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Well, at Least We're On Time

Wednesday, 23 Feb 2011 | 10:34 AM ET

The economic storm of the past two years left a path of destruction in its wake: Lost jobs, lost homes and lost profits. But amid the rubble, there's a glistening pebble: improved punctuality at the office.

Photodisc | Getty Images

Good economic times are like when you get married and pack on a few pounds: You start to let things slide because, “Hey, they’re lucky to have ME” or “Whatever — I could get a new job in a heartbeat.” Next thing you know, you’re coming in a half hour late and not trying very hard on the excuses.

Hiring managers have heard some real doozies: Everything from an employee who claimed his car was hit by a hive of bees, to another who claimed his hair hurt and still another who said he knew he was already late so he figured he’d pick up some doughnuts for everyone, CareerBuilder said.

But when recessions hit, and friends and relatives start falling around you, losing their jobs, you ditch the ‘ol beehive excuse and chuck the doughnuts out the window.

We are, if nothing else, motivated by fear.

So, it’s no wonder that after two years of financial pins and needles, punctuality has improved. Just 15 percent of workers said they arrive late to work once a week or more, down from 16 percent last year and 20 percent in 2008, according to a new CareerBuilder survey.

“Whether it is a result of fear associated with the economy or just a shift in attitude, workers over the last few years are doing a better job of managing their schedules and getting into the office at the designated time," said Rosemary Haefner, vice president of human resources for CareerBuilder.

AP

Even the lame excuses for calling in sick are down: 29 percent of workers called in sick with a bogus excuse in 2010, down from 32 percent in 2009, CareerBuilder said. (Maybe that has something to do with the fact that the boss is on to them!)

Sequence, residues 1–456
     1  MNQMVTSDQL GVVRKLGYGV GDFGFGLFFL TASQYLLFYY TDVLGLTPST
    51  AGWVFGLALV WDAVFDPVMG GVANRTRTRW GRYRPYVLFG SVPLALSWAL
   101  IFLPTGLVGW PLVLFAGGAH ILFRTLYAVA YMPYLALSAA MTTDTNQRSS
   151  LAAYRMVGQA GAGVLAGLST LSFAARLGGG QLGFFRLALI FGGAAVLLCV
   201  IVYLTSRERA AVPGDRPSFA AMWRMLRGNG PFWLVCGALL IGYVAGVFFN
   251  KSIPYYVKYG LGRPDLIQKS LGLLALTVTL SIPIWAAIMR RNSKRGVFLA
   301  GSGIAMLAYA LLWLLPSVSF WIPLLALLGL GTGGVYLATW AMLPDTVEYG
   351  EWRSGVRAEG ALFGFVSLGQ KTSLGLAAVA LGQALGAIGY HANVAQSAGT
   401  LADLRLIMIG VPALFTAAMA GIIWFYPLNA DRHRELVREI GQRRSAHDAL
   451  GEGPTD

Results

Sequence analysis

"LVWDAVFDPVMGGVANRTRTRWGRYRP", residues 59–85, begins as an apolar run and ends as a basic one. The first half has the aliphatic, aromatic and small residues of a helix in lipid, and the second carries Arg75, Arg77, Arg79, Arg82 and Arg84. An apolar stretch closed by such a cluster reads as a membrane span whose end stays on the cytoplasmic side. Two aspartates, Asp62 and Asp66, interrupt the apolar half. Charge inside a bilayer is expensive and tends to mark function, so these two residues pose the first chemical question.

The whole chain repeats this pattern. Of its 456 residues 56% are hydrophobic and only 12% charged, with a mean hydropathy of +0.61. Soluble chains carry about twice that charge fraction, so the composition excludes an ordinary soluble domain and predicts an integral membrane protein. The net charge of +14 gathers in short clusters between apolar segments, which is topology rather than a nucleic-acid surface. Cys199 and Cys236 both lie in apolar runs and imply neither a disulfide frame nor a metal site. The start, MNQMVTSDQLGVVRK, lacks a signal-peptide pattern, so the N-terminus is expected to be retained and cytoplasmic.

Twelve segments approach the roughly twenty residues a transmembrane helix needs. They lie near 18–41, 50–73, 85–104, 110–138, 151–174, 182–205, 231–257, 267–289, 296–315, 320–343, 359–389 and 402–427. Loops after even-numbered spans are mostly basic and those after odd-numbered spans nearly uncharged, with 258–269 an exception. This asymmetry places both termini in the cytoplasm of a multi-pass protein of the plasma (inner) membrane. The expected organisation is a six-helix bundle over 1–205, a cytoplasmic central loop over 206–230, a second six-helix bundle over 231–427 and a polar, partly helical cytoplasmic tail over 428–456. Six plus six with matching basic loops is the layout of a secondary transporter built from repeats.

If punctuality isn’t your strong suit, it’s time to get serious about time: It’s no secret that bosses favor responsible — and honest — employees. So no more the traffic was horrendous, or the woman in front of me at Starbucks took forever. Take the other humans into account and leave a little early. You wouldn’t tolerate tardiness from your doctor, the local police officer or your morning coffee guy. Don’t tolerate it from yourself.

Remember the old French proverb, "The while we keep a man waiting, he reflects on our shortcomings."

And if you can’t get your punctual act together cold turkey, maybe you need to try something like this punctuality hypnosis CD, where for $12.95, it will subliminally program you to be on time.

Watch the watch …

[tick-tock … tick-tock]

You are getting very punctual!

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  • Cindy Perman is a writer at CNBC.com, covering jobs, real estate, retirement and personal finance.

  • Based in Los Angeles, Jane Wells is a CNBC business news reporter and also writes the Funny Business blog for CNBC.com.

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